Cardio isn’t the only type of exercise that helps keep you in healthy in multiple ways. It turns out that strength training is good for strengthening your brain as well as strengthening your muscles. There are a few different studies that demonstrate this to be true.
One study found that a single 20 minute weight training can immediately improve your long term memory. To test this, the researchers split up a group of participants into two groups, either active or passive. Both groups were shown a series of photographs, and then asked to recall as many of the photos as possible.
Next one group immediately went to do a 20 minute weight lifting session of leg extensions, while the other group just kicked back. Two days later they had both groups come back and look at another series of photographs, that included the originals that they were shown with other mixed in.
They were testing for the recall of the photos, and the group who did the exercise in between had a significantly easier time spotting the photographs that they had already seen even though it was two days since they did the workout. The passive group could recall about 50 percent of the photos, while the active group recalled about 60 percent. The assumption of why this works is that doing that sort of exercise releases the hormone norepinephrine which may improve the memory. They also tested their salvia for alpha analayze that shows stress and arousal levels. It was higher in the weight lifting group, which points to more arousal in the brain as well.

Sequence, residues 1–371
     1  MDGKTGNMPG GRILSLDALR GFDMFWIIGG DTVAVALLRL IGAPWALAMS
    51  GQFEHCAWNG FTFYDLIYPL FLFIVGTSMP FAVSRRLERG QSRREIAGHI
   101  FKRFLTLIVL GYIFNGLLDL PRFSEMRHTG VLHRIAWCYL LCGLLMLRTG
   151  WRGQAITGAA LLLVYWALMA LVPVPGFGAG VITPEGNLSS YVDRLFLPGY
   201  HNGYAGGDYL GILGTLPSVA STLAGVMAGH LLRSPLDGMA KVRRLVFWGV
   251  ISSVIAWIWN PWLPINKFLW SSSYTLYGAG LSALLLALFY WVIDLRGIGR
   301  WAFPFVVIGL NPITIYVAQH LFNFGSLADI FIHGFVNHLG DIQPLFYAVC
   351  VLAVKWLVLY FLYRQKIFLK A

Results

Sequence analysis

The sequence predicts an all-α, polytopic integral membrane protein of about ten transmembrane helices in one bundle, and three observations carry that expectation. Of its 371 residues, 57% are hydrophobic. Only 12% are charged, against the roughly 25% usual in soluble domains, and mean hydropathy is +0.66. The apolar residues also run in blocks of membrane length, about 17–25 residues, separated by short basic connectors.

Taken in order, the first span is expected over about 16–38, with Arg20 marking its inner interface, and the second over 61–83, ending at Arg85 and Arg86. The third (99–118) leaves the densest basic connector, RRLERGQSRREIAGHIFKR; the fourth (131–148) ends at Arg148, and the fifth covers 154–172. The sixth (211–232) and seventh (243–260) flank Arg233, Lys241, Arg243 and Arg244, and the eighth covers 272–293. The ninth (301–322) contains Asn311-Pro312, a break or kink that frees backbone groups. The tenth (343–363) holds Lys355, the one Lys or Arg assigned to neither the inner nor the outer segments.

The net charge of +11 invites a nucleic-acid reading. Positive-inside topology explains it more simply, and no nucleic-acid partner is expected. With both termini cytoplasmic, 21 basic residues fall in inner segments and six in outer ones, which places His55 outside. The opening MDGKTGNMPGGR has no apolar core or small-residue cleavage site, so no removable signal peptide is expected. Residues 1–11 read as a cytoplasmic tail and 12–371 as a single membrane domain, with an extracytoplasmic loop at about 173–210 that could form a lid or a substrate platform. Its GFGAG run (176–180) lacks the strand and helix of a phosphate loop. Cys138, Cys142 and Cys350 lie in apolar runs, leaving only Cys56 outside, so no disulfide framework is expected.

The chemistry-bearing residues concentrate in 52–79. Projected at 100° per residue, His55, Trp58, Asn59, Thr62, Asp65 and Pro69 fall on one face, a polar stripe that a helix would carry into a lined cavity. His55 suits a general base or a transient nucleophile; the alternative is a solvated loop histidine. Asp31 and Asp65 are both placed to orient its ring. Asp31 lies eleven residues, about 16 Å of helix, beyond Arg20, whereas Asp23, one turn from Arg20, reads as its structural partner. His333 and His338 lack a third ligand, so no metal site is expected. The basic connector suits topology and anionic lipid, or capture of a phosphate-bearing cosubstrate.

Any sort of exercise can actually build new brain cells. Some studies have shown that the brain cell growth that occurs from exercise happens in the hippocampus, which is the area of the brain that control short and long term memory. This is more important than just being able to remember some random photos that you’re shown too. The difference between work productivity of people who work out versus people who don’t is significant. In fact some studies have shown that an active person only needs to work 42.5 hours in a week to get as much done as an average person can do in 50.
And yes, like the rest of your health, if you stop exercising and revert back to being sedentary then your brain suffers as well. Studies on this have been performed on rats, and show that they start showing memory decline after just a week of inactivity. Rats that are active for ten weeks followed by inactive for three weeks show identical brains to rats who were never active at all, which basically means you’ve got to use it or lose it.
This counts for the long term as well. Yet another study found that people with higher levels of cardiorespiratory fitness were more likely to have verbal memory and psychomotor speed 25 years later. So if you want to stay sharp as you age and beat the memory decline that happens to so many people, keeping your body active in addition to your mind is your best bet.